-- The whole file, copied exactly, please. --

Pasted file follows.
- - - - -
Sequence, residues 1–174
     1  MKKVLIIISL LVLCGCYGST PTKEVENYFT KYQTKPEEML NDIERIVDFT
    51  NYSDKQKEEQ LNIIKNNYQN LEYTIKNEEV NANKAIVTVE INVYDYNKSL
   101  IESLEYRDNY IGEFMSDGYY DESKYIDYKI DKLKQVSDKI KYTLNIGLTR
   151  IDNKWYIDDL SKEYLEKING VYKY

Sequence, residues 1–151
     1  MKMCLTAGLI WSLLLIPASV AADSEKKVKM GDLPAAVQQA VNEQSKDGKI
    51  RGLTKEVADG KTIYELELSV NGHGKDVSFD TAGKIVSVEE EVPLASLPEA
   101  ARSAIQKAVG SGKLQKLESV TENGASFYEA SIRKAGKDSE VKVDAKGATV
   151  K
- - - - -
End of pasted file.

Sequence, residues 1–174
     1  MKKVLIIISL LVLCGCYGST PTKEVENYFT KYQTKPEEML NDIERIVDFT
    51  NYSDKQKEEQ LNIIKNNYQN LEYTIKNEEV NANKAIVTVE INVYDYNKSL
   101  IESLEYRDNY IGEFMSDGYY DESKYIDYKI DKLKQVSDKI KYTLNIGLTR
   151  IDNKWYIDDL SKEYLEKING VYKY

Sequence, residues 1–151
     1  MKMCLTAGLI WSLLLIPASV AADSEKKVKM GDLPAAVQQA VNEQSKDGKI
    51  RGLTKEVADG KTIYELELSV NGHGKDVSFD TAGKIVSVEE EVPLASLPEA
   101  ARSAIQKAVG SGKLQKLESV TENGASFYEA SIRKAGKDSE VKVDAKGATV
   151  K